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      View full story
    • By khawk
      LunarG has released new Vulkan SDKs for Windows, Linux, and macOS based on the 1.1.73 header. The new SDK includes:
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    • By mark_braga
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    • By turanszkij
      Hi,
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Vulkan render huge amount of objects

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If you are on a desktop you can see and old flash demo I did here to test what your gpu can handle.

this is in flash by the way so native you should be able to beat what you see here (it is not massively optimised either)

 

There is no instancing and each object has a unique transform, the only thing constant between draws is the material.

 

Lower end gpus should be 500-1000 no problems, mid range 1500-3000, high end can hit 8,000+

 

http://blog.bwhiting.co.uk/?p=314

 

My computer runs you demo at 30fps  with 1000+ total render objects.  can you show your code how to update transform ?  1000+ times?

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Not sure if I understood you correctly, but if you're using 10 CBuffers to render 10 boxes with some (forward) lighting, you could do with 2 constant buffers (not 10):

 

1. a CB per frame, containing possible viewProjection matrix and your light properties (for multiple lights)

2. a CB per object, which you update for each update, after the last one is drawn

 

Both having a corresponding C++ struct in your code.

If you're using 10 different CBuffers, that might explain a part of the unexpected performance.

I only use one cbuffer to hold transform matrix, 10 cbuffer are totally different, 5 for vertex shader, 5 for pixel shader. 

5 cbuf are transform, light, camera, skin, frame.

Since I use one cbuf for transformation matrices, I guess it would cause something called cpu-gpu contention..

Edited by poigwym

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I do it slightly different than some.

Each 3d object has a transform. This has getters/setters for scale/position/rotation.

There is a 32bit dirty flag that is updated through the setters. So any any given time you can know if the scale, rotation or position has been change and in detail too, i.e. which component.

When a matrix is required, the transform is requested to build it, if the dirty flag is non-zero the matrix needs rebuilding. Depending on different flags set it will do it differently. Scales and transforms are very fast, just directly set the values. But If rotations are included then a more complex recompose is done (sin/cos etc..) you can do this a number of ways and look on line for various approaches.

A common one is to build each rotation matrix required and combine it.

Then if the transform has a parent it needs to be concatenated with it's transform too, managing these relationship updates can be tricky and I am still not sold on the best way to do it.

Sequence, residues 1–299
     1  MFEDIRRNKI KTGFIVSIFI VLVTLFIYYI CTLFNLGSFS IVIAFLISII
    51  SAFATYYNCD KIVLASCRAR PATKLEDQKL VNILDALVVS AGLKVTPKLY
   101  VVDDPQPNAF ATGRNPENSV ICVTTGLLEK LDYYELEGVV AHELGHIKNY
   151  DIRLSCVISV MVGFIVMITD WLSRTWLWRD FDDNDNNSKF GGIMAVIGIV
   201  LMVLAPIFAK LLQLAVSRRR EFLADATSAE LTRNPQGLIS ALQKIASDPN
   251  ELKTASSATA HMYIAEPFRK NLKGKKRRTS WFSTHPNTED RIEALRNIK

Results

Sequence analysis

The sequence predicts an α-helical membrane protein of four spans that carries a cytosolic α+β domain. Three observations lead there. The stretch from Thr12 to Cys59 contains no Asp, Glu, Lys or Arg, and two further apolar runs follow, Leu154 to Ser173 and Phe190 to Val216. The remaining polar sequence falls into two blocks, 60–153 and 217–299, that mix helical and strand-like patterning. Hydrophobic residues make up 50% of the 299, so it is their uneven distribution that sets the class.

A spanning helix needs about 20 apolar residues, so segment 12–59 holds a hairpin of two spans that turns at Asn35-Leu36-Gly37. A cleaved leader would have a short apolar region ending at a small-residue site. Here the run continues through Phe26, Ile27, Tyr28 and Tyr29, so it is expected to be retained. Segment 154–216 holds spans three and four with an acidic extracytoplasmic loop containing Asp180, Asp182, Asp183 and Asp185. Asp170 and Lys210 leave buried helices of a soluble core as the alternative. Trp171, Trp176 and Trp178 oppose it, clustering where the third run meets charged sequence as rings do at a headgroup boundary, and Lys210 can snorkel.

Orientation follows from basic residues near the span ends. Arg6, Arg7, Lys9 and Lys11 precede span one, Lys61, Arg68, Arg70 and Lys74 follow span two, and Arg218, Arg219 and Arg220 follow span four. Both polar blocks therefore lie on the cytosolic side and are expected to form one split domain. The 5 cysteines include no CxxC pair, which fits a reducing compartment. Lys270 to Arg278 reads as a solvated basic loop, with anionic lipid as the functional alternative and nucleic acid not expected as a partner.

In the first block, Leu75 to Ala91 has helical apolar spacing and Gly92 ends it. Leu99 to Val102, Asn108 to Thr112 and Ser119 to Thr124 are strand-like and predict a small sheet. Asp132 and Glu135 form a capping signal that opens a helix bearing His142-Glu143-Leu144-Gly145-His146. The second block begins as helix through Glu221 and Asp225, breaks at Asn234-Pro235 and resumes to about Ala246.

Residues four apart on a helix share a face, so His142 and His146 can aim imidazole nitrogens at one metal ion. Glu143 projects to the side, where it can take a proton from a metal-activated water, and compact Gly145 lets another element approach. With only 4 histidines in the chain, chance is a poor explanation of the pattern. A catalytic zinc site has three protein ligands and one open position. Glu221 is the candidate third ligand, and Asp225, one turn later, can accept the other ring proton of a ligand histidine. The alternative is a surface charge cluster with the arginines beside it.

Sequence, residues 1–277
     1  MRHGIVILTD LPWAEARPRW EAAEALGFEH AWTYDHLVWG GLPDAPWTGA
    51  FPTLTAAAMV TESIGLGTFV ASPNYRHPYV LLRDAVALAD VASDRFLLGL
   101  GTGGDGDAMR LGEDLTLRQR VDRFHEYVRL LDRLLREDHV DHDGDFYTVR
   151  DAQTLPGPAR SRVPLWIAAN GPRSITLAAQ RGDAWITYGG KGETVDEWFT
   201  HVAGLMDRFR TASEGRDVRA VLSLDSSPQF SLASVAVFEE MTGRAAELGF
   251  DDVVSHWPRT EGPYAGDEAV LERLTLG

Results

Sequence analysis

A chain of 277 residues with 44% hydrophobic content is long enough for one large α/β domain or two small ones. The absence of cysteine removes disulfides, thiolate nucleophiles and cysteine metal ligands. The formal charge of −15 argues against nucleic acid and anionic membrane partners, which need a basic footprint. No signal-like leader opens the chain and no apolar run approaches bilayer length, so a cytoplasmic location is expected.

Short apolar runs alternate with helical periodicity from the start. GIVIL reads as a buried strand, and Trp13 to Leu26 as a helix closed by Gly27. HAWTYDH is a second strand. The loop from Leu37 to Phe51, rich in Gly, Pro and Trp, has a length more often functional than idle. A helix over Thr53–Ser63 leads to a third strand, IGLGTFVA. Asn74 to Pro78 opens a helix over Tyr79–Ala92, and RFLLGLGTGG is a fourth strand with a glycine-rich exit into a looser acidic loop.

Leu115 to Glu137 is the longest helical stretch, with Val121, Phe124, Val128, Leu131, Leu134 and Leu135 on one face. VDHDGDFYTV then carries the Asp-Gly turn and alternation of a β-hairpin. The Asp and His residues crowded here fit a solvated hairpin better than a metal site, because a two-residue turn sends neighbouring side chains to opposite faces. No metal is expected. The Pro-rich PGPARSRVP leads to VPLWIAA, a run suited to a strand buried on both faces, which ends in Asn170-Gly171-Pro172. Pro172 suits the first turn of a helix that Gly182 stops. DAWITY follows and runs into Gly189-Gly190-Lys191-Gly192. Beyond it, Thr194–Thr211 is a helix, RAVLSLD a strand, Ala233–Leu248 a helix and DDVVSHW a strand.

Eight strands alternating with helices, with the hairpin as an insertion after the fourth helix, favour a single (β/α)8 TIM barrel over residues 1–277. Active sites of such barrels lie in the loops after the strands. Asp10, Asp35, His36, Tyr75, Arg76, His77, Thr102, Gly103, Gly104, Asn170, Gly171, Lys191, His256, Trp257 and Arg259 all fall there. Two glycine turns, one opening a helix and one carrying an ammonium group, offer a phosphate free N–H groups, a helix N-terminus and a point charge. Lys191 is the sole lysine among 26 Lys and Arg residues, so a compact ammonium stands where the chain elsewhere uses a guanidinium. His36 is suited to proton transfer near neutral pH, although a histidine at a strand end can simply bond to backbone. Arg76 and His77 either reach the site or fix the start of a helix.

You don't have to do it this way of course you can just operate directly on a matrix appending transformations to it as you wish (would probably be faster).

 

 

The view/projection matrix is calculated once per frame and shared across each draw call, only the world matrix is updated in the buffer between calls, so that is just copying 16 floats into the buffer and nothing else - should be pretty quick.

 

Hope that helps.

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I do it slightly different than some.

Each 3d object has a transform. This has getters/setters for scale/position/rotation.

There is a 32bit dirty flag that is updated through the setters. So any any given time you can know if the scale, rotation or position has been change and in detail too, i.e. which component.

When a matrix is required, the transform is requested to build it, if the dirty flag is non-zero the matrix needs rebuilding. Depending on different flags set it will do it differently. Scales and transforms are very fast, just directly set the values. But If rotations are included then a more complex recompose is done (sin/cos etc..) you can do this a number of ways and look on line for various approaches.

A common one is to build each rotation matrix required and combine it.

Then if the transform has a parent it needs to be concatenated with it's transform too, managing these relationship updates can be tricky and I am still not sold on the best way to do it.

 

You don't have to do it this way of course you can just operate directly on a matrix appending transformations to it as you wish (would probably be faster).

 

 

The view/projection matrix is calculated once per frame and shared across each draw call, only the world matrix is updated in the buffer between calls, so that is just copying 16 floats into the buffer and nothing else - should be pretty quick.

 

Hope that helps.

 

wow , you reply so quickly!!! I 'm the first time to feel there's a chat online rather than waiting many hours .

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Then if the transform has a parent it needs to be concatenated with it's transform too, managing these relationship updates can be tricky and I am still not sold on the best way to do it.